Gaining Strength. By this week, pulling up might be a piece of cake for your baby - and if you hold both of his/her hands for balance, he/she'll probably go for a stroll with you. He/she's able to sit down from a standing position with some grace, rather than just plopping painfully down on his/her bottom. Even more adorable, kids this age love to sway, bop, and hum to music, creating their own funny way of dancing along. Dancing helps strengthen your baby's leg muscles and perfect his/her sense of balance, so put some tunes on, stand him/her up, and let him/her boogie.
As your baby plays, it's obvious how curious she's become. It might seem like she's getting into everything these days - opening drawers and dumping out all their contents or reaching her hand down to see how steep the step from your kitchen to your living room is. Don't be surprised if you leave the room for two seconds and come back to find that your little tike has opened the entertainment center doors and pulled out every DVD you own. She might also like to experiment with climbing in and out of kiddie-size chairs, and because she's not great at judging sizes, you might catch her trying to hop onto a dollhouse-size chair. At this age, get ready to do a lot of chasing around and redirecting when she inevitably does something she shouldn't.
Brain Booster. Your baby's getting smarter every day! At 10 months, he/she's starting to grasp concepts such as time, distance, depth, and cause and effect, and he'll incorporate them into his/her play. Your baby continues to learn about the properties of objects by crumpling, ripping, tasting, and throwing anything he/she can get his/her increasingly dexterous hands on.
And what a personality he/she's getting! Kids this age begin to show a huge range of emotions - from fear and sadness to twinkle-eye glee - and everything in between. Baby might look sheepish when you catch him/her doing something forbidden; expectant when you put him/her in his/her high chair; and excited when he/she sees someone he/she loves. They might smack their lips and murmur, "Mmm!" when they taste something yummy, stomp their feet in time to music, or even daydream, staring off into space as though they have a lot on their minds. Encourage your baby to express him/herself - and help him/her learn the actual words to describe how he/she's feeling - by saying things like "You look so excited, honey!" or "Isn't this delicious?"
Social Butterfly. Got a little copycat on your hands? Around this age you might notice that your baby imitates everything you do. He/she might try to feed you a spoonful of the applesauce he/she's eating, rub you with his/her washcloth while you're bathing him/her, or bang on the computer keyboard if you hold him/her on your lap while dashing off an e-mail.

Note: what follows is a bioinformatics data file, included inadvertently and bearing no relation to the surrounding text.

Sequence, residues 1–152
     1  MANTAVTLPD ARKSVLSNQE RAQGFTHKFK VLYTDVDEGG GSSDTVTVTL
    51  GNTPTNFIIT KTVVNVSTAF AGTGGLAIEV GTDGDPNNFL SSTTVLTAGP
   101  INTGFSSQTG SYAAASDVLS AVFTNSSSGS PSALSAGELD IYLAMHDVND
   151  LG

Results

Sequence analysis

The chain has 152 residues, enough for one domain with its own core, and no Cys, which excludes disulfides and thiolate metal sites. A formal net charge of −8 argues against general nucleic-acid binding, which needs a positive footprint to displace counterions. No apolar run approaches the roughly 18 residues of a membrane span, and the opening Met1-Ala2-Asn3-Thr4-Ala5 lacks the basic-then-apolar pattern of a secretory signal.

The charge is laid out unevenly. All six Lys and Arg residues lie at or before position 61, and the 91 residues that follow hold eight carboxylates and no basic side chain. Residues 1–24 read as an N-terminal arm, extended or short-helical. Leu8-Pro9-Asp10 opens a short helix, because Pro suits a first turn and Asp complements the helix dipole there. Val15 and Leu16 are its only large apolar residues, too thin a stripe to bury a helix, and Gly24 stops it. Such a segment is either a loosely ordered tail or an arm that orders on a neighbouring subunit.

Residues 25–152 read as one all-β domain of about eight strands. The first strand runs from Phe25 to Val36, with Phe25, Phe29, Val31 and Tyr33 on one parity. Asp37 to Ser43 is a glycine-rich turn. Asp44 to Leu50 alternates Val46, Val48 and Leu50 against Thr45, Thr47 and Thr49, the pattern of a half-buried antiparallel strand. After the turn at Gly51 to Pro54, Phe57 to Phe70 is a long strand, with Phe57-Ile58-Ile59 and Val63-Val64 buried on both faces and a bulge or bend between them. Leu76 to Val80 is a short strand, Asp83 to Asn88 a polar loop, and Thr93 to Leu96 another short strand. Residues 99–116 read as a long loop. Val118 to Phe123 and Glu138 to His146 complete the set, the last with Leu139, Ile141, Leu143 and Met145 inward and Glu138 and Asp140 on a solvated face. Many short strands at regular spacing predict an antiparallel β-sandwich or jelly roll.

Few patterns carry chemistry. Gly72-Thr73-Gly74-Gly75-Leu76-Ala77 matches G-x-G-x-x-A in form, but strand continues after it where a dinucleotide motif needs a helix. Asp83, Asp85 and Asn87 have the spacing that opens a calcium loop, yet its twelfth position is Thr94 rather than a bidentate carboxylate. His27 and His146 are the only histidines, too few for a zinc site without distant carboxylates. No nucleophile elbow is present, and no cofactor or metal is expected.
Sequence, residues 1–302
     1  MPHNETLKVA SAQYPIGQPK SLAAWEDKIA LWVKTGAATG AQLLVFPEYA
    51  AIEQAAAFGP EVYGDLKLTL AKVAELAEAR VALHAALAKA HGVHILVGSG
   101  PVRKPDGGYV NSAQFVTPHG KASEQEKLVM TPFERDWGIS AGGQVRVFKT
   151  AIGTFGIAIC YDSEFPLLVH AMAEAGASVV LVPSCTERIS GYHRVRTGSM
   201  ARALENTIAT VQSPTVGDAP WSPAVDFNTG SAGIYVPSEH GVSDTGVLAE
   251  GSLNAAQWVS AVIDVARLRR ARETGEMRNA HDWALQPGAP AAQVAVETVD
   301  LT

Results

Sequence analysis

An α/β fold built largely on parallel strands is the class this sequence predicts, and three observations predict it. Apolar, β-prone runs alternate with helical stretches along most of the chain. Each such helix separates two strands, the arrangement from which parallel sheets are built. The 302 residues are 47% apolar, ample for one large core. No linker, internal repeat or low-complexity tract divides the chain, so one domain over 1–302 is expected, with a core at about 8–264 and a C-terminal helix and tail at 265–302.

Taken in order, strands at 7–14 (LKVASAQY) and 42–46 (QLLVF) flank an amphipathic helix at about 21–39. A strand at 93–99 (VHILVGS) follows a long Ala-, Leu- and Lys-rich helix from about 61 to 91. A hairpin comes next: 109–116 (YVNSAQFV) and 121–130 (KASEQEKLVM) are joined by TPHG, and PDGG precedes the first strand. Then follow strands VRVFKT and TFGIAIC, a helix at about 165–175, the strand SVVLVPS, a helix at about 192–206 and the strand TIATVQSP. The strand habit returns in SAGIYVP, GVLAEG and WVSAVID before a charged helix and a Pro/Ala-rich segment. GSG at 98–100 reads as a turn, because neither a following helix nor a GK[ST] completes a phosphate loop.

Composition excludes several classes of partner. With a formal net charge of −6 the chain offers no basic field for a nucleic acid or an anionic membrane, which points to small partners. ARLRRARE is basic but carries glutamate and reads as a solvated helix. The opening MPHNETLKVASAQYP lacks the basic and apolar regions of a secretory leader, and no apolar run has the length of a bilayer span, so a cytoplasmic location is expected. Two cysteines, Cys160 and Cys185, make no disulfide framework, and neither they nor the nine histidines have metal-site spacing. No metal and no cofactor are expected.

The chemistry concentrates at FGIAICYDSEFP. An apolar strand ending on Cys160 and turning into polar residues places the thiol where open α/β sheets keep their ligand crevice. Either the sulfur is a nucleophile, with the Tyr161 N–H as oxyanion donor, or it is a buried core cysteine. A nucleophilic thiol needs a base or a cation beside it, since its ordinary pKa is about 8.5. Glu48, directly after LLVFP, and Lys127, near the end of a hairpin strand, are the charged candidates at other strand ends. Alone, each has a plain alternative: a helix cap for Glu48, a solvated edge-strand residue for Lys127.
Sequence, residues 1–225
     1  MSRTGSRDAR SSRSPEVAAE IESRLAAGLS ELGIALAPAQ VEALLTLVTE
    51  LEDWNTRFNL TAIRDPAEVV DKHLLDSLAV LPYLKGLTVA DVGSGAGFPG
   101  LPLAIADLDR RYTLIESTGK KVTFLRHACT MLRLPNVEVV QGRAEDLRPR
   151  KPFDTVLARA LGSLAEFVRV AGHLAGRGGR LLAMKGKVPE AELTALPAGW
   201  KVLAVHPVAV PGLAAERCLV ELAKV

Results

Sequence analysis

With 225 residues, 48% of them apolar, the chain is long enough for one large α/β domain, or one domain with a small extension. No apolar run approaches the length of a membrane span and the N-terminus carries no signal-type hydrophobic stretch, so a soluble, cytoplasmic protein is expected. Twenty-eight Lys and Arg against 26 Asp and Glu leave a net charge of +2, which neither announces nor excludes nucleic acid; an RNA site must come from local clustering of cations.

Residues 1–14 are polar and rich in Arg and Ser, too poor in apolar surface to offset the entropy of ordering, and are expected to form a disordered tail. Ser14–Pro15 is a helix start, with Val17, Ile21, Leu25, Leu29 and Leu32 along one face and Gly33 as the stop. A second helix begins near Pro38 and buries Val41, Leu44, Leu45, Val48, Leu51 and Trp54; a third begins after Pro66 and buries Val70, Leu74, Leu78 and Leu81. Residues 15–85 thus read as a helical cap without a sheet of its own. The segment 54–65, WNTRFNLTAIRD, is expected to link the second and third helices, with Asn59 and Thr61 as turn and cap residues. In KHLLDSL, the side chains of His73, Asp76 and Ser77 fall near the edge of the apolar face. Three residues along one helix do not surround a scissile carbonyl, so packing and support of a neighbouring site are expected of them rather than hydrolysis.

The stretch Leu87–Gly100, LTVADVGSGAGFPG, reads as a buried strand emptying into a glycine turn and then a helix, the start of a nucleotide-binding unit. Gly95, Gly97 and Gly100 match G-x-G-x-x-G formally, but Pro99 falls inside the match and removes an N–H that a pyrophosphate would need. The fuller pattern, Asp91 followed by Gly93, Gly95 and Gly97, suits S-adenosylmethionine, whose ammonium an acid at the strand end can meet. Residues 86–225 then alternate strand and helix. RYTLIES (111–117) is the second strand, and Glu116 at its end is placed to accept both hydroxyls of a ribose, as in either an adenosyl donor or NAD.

Babies learn a ton through this monkey-see, monkey-do approach, but it's not just your positive behaviors he/she'll pick up on. If you yell at your children, chances are they might take to shouting. Get stressed out or frustrated pretty easily? He/She"ll likely copy that too. No one says you have to be a saint, but if you find yourself getting angry or nearing wits' end, give yourself a quick time-out before you blow up in front of baby.
He/She's beginning to understand that him/her belongings are distinct from others; he/she might be able to find his/her own toys in the playroom, for example, and prefer them to his/her brother's. He/she's also learning that his/her voice, face, and body parts are different from everyone else's. You can reinforce this by picking up his/her favorite stuffed animal and naming each of its body parts - then IDing the same parts on your body. After several repetitions, try asking your baby where his/her head, eyes, ears, and toes are. You might be amazed to find his/her pointing to them soon.
Increasing Vocabulary. By this age your baby might be able to say one or two words, usually to indicate the things that he/she loves or pays a lot of attention to in his/her daily life. You might be waiting to hear "Mama," but "Dada" is actually more likely to pop out first - not because your little one loves his/ her father more, but because those hard D sounds are easier to make.
This is also the stage when your baby learns to point. That's his/her way of asking you what he/she's looking at so he/she can further expand his/her vocabualry. Let him/her know that yes, that is a duck, or that the thing he/she sees in the sky is an airplane. You might find yourself in a nonstop game of point-and-say, but remind yourself that you'll see the results when he/she starts to say some of those new words him/herself. If your baby's not pointing yet, hand over your cell phone. The irresistable urge to push the buttons will strengthen his/her little fingers.
For more information on these Milestones, Please visit Parents.com
Have an Oh So Wonderful Day!